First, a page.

#24 of 68 Re: Recharge Prius at Home on AC power? [tpe]
Aug 17, 2006 (6:32 am)
Except I think people still misunderstand the Prius. It's not an electric vehicle. It's a gasoline powered vehicle that uses hybrid technology to improve efficiency. ALL it's motive power comes from gas.
The improved efficiency comes from:
1. Use of regenerative braking to recover ordinarily lost energy.
2. Because of the power plant design, it can shut down the "ICE" (internal combustion engine) when it's not needed to provide power.
3. Because of the presence of the MG (motor generator) to enhance power, the ICE could be designed to optimize efficiency (atkinson cycle - lower power output).
4. Use of a CVT (continuously variable transmission) to optimize the output of the ICE.
#25 of 68 Re: Recharge Prius at Home on AC power? [pathstar1]
Aug 17, 2006 (7:34 am)
I think people are pretty aware of what the Prius is. It does have a battery pack and it does have an electric motor, the two components required for an electric vehicle. If the battery pack on a Prius is always charged between 30-70% then there is always some capacity to store additional energy that can come from an outside source. This new energy could then be used to power the car, i.e. it would now be able to go farther. Whether or not this is a good idea or whether it will void the warranty are separate issues. In the case of the Prius the battery pack is so small any additional distance gained would be negligible. I'd guess that if you charged the battery from 70% to 100% you would now have maybe 1/2 mile of all electric driving before you were back down to the 70% charge that you started with.
#26 of 68 Re: Recharge Prius at Home on AC power? [crashq]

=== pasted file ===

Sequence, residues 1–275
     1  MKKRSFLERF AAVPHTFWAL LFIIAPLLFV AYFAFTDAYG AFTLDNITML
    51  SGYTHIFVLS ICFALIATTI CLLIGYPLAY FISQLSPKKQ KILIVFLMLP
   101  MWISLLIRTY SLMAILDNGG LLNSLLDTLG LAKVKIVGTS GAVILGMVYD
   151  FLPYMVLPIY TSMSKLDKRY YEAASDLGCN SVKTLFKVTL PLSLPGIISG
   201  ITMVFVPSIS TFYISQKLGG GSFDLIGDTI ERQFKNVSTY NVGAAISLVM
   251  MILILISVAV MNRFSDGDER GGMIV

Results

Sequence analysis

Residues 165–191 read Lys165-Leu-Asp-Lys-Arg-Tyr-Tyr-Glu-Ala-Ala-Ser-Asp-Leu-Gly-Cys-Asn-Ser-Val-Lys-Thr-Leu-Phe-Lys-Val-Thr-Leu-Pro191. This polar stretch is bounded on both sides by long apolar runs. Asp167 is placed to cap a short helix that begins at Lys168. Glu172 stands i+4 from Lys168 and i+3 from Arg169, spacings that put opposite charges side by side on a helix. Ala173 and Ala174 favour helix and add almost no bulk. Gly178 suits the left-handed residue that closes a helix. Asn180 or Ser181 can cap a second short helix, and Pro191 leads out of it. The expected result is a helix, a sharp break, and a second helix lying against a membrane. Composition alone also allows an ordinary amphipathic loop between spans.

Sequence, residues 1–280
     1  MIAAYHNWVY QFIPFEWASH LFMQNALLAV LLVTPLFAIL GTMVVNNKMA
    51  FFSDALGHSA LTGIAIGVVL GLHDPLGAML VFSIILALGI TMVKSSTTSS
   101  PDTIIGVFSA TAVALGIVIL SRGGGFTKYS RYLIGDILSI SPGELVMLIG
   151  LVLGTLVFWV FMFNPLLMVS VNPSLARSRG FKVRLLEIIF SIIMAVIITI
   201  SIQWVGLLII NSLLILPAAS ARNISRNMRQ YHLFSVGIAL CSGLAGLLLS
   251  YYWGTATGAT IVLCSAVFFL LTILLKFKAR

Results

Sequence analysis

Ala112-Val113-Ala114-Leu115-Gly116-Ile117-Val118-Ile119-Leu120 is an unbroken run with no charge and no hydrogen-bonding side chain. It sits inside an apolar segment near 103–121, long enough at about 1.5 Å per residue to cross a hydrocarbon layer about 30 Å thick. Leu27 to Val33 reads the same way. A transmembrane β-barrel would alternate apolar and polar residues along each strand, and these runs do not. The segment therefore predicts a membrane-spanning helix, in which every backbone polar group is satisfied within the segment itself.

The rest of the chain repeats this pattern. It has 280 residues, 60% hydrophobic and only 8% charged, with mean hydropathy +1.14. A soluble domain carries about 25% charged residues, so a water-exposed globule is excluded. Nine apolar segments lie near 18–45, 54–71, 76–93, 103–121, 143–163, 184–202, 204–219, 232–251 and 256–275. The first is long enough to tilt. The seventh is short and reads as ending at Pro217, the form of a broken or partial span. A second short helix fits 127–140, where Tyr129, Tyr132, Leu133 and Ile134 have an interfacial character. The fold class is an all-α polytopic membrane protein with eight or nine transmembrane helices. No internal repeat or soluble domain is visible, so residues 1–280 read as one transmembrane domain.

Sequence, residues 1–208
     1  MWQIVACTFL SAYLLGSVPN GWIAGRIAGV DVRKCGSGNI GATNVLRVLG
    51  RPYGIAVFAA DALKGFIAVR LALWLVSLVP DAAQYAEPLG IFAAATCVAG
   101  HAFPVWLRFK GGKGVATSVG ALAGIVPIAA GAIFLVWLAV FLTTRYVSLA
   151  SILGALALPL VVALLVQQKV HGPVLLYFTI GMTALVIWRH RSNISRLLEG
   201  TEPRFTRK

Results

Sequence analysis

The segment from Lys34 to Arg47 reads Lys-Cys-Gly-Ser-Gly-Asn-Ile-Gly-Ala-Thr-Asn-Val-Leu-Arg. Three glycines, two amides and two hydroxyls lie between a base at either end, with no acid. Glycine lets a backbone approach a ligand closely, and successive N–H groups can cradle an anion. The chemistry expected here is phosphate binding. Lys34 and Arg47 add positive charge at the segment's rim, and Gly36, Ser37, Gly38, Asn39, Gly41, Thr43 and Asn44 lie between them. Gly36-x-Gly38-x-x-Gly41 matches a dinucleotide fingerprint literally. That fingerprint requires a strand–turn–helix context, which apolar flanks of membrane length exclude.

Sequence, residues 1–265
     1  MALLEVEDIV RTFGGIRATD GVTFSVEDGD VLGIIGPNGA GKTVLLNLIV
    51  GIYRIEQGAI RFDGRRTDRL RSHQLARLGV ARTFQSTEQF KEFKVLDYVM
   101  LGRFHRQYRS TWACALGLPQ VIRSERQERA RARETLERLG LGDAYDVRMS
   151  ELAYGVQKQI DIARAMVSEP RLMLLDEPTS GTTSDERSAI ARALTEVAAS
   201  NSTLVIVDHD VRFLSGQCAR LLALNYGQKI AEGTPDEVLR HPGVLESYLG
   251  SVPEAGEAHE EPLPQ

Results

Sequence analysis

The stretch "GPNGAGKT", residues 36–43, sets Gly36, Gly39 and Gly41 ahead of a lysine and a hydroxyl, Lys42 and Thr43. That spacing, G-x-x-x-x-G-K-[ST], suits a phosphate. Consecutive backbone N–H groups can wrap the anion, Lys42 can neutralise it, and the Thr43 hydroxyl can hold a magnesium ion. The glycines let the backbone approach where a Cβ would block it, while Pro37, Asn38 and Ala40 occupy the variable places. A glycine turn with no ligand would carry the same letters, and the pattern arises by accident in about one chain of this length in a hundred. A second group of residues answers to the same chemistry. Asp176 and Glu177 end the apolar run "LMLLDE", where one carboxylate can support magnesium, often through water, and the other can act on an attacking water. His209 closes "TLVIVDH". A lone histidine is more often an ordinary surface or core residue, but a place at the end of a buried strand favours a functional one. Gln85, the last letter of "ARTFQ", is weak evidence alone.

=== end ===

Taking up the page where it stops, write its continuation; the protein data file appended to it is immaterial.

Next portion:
Aug 17, 2006 (7:35 am)
I searched for hours and couldn't find a separate charger that specifically said it would recharge the prius batteries.
Recharging to 70% is fine for me.
Any ideas/links to find the charger for sale?
To be clear, people keep talking about electric vehicles, or modifications. I *do not* want to modify my prius, nor try to drive it as an electric car. I just thought it would be nice to drive the first mile or two each trip on electricity, since I must maintain slow speeds (~25mph) for about 4 miles anyway.
For people who get on some rant about switching from one form of pollution to another, perhaps this is not really a good forum to rant in, since a Prius is a small car, and you would charge at night, I don't think it would "load down" our power grids. I'm also not looking to drive more than a few miles on electric.
If someone comes up with a way for $500-$800 or so to drive 10 miles on electric at <35mph which goes into the Prius, even if it is fully house charged, I'd be interested, but so far everything I've seen is $3k-$12.5k which is not appealing in the least. John
#27 of 68 Re: Recharge Prius at Home on AC power? [jjgoodwin]
Aug 17, 2006 (11:11 am)
Any modification you do to a Prius hybrid system will void the warranty without a doubt. If you live in CA that is 10 years or 150k from new. The only way I would consider it is if I bought an old Prius that needed a new battery anyway. Then you could justify spending the money. You could probably pick up an out of warranty Prius for near nothing. There is one being offered on eBay with 110k miles for $4295 "buy it now". Says in perfect condition. Not salvage titled. Take it and invest 12 grand in Li-Ion batteries and a 110 volt charger and you may be the envy of Edmund's.
#28 of 68 Re: Recharge Prius at Home on AC power? [tpe]
Aug 30, 2006 (6:18 am)
"I think that if you looked at the demographics of people purchasing these hybrids you'd conclude that they're probably smart enough to realize it isn't a money saving proposition. "
LOL the selling point of Hybrids is that they have high gas mileage and therefore it is implied they save money!
However, if you look at objective reviews on mileage measurements even the mileage savings is suspect.